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'Doing good with a vengeance': a critical assessment of the practice, effects and implications of 'drug treatment courts' in North America


Fischer, B (2003). 'Doing good with a vengeance': a critical assessment of the practice, effects and implications of 'drug treatment courts' in North America. Criminal Justice History, 3(3):227-248.

Abstract

`Drug treatment courts' (DTCs) are a new institution in North American criminal justice for dealing with drug offenders. There are currently two DTC pilot trials in implementation in Canada. Based on a `therapeutic jurisprudence' approach, DTCs claim to rehabilitate rather than punish drug-addicted offenders, and thus to reduce drug use, recidivism and social cost. Given the current enthusiasm about DTCs, this article provides a critique of DTCs' rationale, practices and implications from evaluative, social and legal perspectives. It focuses on the Canadian experience where possible. The analysis examines: the limitations of the evidence and methods behind the claims of DTCs' effectiveness; the ontological and practical challenges of the proposed `bridging' of punishment and treatment; the legal and penological implications of `therapeutic jurisprudence' practices; as well as potential explanations for DTCs' rise in popularity despite the limited evidence for their positive impact. The article concludes with reflections on the implications of DTCs for the government of drug use as deviance in contemporary social contexts, as well as for political efforts towards less punitive drug control. DTCs may reinforce the hegemony of punitive drug use control—partly by coopting treatment strategies—and thus fundamentally protect the legitimacy of prohibition politics.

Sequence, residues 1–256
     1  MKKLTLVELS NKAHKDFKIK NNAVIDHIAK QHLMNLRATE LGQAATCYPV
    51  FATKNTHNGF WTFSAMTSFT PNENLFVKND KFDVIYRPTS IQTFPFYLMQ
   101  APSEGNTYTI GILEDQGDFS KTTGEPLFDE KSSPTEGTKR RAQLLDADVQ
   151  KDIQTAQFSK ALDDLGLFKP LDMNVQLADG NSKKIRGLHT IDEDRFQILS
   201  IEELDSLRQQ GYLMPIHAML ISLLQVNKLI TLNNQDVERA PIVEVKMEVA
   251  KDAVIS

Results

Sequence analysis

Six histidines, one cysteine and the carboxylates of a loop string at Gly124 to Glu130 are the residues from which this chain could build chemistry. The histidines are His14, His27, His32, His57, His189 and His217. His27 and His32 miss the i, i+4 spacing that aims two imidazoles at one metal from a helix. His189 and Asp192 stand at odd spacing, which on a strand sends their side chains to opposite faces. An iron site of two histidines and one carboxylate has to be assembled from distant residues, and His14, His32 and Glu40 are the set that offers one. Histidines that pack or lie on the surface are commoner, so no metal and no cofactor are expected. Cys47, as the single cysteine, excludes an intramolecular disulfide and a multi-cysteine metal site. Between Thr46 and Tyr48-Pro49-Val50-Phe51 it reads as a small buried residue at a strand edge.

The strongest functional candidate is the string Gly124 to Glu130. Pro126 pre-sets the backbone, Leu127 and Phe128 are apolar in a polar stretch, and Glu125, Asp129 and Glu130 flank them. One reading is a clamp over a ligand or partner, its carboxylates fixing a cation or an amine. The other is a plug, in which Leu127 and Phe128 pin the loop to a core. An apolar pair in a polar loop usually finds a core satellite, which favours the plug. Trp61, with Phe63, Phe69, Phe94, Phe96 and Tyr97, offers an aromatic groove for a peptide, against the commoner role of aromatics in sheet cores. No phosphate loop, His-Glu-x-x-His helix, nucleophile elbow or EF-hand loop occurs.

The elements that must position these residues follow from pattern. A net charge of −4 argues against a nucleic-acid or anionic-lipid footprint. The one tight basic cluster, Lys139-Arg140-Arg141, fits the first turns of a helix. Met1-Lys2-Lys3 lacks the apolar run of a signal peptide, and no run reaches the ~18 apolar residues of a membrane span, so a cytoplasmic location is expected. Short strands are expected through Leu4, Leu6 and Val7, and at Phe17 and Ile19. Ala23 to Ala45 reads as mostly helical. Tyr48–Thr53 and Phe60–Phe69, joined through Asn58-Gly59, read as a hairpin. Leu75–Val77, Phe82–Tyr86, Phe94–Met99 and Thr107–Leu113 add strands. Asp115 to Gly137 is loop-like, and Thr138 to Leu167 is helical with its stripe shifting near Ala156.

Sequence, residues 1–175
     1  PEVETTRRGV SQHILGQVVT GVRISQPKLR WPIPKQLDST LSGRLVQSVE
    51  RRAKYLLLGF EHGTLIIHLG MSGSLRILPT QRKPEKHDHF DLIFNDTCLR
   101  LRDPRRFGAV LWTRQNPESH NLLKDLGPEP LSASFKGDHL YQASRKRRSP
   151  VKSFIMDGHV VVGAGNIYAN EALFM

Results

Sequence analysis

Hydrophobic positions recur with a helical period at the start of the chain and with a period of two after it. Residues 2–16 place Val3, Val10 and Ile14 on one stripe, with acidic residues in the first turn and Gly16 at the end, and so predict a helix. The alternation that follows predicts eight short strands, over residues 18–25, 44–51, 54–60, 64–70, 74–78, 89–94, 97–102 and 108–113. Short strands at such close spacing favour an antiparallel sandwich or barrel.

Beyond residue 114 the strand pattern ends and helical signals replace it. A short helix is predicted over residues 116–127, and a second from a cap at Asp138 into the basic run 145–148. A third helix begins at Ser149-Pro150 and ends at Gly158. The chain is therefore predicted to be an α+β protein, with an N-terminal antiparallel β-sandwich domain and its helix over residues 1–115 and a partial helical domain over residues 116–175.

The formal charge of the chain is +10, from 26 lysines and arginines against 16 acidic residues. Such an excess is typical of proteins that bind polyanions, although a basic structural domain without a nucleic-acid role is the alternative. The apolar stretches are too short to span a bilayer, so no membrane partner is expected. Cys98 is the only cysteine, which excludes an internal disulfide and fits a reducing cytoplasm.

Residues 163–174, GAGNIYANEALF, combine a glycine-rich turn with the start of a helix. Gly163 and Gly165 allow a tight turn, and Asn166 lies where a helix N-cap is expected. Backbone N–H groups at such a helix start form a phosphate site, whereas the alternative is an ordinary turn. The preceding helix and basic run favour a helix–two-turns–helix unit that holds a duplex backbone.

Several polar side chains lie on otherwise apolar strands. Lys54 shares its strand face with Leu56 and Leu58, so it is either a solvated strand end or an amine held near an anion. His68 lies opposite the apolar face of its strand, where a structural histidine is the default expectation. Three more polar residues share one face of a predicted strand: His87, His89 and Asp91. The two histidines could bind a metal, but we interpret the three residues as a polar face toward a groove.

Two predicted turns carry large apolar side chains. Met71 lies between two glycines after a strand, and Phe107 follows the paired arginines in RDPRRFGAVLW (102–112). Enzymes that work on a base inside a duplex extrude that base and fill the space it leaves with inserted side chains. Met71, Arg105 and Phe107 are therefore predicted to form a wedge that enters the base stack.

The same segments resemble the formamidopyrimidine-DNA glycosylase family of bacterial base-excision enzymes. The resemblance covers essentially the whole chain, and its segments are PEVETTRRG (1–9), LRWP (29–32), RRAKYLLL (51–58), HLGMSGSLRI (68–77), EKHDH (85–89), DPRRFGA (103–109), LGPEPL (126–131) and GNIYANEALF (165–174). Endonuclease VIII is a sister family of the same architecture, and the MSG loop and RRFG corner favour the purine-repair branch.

Abstract

`Drug treatment courts' (DTCs) are a new institution in North American criminal justice for dealing with drug offenders. There are currently two DTC pilot trials in implementation in Canada. Based on a `therapeutic jurisprudence' approach, DTCs claim to rehabilitate rather than punish drug-addicted offenders, and thus to reduce drug use, recidivism and social cost. Given the current enthusiasm about DTCs, this article provides a critique of DTCs' rationale, practices and implications from evaluative, social and legal perspectives. It focuses on the Canadian experience where possible. The analysis examines: the limitations of the evidence and methods behind the claims of DTCs' effectiveness; the ontological and practical challenges of the proposed `bridging' of punishment and treatment; the legal and penological implications of `therapeutic jurisprudence' practices; as well as potential explanations for DTCs' rise in popularity despite the limited evidence for their positive impact. The article concludes with reflections on the implications of DTCs for the government of drug use as deviance in contemporary social contexts, as well as for political efforts towards less punitive drug control. DTCs may reinforce the hegemony of punitive drug use control—partly by coopting treatment strategies—and thus fundamentally protect the legitimacy of prohibition politics.

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Additional indexing

Item Type:Journal Article, refereed, further contribution
Communities & Collections:04 Faculty of Medicine > Swiss Research Institute for Public Health and Addiction
Dewey Decimal Classification:610 Medicine & health
Uncontrolled Keywords:drug;treatment
Language:English
Date:2003
Deposited On:13 May 2014 13:17
Last Modified:07 Aug 2017 04:21
Publisher:Crime and Justice History Group distributed by John Jay Press
ISSN:0194-0953
Publisher DOI:https://doi.org/10.1177/14668025030033001

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